The goal of the preventive screening programs is to identify health risks early and equip firefighters with the tools to improve their health, quality of life, and longevity. Part of the wellness programs help promote post-traumatic growth including training firefighters on using meditation, tactical breathing exercises, and learning about cardio strength and endurance.
“What we’re really trying to do is train firefighters to look at themselves as tactical athletes,” he said.
Dr. Hamrock also recently presented on the successes of the St. Elizabeth’s early detection cardiovascular and lung screenings performed on over 450 Boston police officers to 5,000 members of the Fraternal Order of Police, at a conference in Indianapolis. More than 70 law enforcement officers from 10 different agencies also perished on 9/11. He hopes to replicate the preventive health programs that are in place with firefighters to also serve the law enforcement community. Dr. Hamrock credits the success of these programs to his many colleagues at St. Elizabeth’s Medical Center, including the vascular and radiology technicians who care for their first responder patients with the utmost dignity, compassion, and respect.
Steward Health Care has also established a First Responder Support Access Program in Massachusetts that will serve as the national model for similar programs across the many diverse local communities Steward proudly calls home. The program includes a dedicated 24/7 access line available for first responders who reach out for medical assessment and treatment. First responders who call are connected to a Steward clinician who can provide immediate referrals to care resources. These clinicians have strong clinical backgrounds and years of mental health experience, with training specific to the care of first responders. Resources through this program include outpatient care, Emergency Department care when needed, including clinical navigators with specific training to work with first responders, and other care planning as appropriate.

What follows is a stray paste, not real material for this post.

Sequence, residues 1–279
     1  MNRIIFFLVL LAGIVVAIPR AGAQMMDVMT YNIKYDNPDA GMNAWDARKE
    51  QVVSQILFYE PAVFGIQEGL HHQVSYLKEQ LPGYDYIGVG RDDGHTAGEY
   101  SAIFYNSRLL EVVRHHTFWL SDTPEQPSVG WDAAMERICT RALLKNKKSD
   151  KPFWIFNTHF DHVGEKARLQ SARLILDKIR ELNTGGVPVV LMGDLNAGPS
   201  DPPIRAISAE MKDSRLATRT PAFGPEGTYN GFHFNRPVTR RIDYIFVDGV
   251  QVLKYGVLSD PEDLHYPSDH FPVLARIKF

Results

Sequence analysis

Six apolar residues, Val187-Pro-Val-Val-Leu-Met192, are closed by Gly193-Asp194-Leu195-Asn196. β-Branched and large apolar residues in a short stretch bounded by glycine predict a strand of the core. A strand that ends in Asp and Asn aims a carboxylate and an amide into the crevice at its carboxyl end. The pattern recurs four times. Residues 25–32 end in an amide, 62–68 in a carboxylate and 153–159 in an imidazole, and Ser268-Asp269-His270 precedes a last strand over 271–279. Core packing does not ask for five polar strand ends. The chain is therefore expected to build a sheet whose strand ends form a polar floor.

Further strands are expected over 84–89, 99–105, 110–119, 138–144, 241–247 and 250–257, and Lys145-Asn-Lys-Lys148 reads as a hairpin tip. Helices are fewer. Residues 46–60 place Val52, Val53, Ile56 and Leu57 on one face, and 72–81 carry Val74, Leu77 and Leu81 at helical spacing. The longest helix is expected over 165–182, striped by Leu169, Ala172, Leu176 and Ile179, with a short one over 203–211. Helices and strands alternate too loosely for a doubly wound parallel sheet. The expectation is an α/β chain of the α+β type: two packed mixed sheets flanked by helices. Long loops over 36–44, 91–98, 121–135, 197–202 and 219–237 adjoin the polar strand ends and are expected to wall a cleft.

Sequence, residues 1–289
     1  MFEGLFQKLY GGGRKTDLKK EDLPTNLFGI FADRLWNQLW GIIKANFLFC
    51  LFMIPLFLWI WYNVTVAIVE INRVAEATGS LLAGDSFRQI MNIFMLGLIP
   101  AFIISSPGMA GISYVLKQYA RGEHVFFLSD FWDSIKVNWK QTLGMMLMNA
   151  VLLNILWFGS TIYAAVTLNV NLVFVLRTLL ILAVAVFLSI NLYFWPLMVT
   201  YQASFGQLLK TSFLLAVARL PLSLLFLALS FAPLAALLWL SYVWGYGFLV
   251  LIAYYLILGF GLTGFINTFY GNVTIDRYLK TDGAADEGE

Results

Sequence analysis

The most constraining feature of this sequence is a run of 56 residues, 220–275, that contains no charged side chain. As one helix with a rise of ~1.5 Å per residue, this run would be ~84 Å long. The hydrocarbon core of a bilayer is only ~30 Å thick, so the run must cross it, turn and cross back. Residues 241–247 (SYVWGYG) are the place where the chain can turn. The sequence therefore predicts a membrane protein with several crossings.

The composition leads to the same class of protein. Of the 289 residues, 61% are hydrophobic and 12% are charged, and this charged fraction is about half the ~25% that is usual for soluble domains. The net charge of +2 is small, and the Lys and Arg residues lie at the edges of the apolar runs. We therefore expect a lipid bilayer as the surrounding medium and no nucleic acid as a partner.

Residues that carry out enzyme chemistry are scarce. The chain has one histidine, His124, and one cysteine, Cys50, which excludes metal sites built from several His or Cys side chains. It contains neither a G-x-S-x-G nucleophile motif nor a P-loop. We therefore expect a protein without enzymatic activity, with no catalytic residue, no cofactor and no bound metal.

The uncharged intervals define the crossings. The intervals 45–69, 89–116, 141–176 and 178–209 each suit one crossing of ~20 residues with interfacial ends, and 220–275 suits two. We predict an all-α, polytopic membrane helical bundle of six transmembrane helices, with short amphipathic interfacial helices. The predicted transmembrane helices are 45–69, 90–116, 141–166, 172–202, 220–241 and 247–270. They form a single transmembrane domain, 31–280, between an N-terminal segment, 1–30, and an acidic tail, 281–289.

“Our first responders are always here for us and we have a duty to be there for them,” said Brenden Hayden, System Vice President of Emergency Medical Services at Steward Health Care. “This medical approach is yet another tool first responders have available to support them in their time of need and we are proud to offer this service and compassionate care.”
The fire service is a unique family and one that Dr. Hamrock is proud to be associated with over his career. His interest in medicine was honed as a teenager while working at the Veterans Administration Hospital in Jamaica Plain, selling newspapers to the veterans who resided there, and his research while in medical school sparked a career-long commitment to improving the health and wellness of his firefighter brethren.
“I give credit to the firefighters in my fire house who allowed me to go to night school and who covered for me,” Dr. Hamrock said. “I hope by doing this I’m giving back to them.”
The Sept. 11 attacks, twenty years later, transformed the fire service, Dr. Hamrock said. Time has provided a deeper understanding of the profession and response to its risks, though the tragedy of the vast losses will always resonate.
“For someone in the prime of their life, not having 20 more years with their family members is just an awful thing,” Dr. Hamrock said. “The firefighters who went into those buildings did some pretty amazing work. It made us stronger. A lot of people have grown since this incident, and we have to learn from that as well.”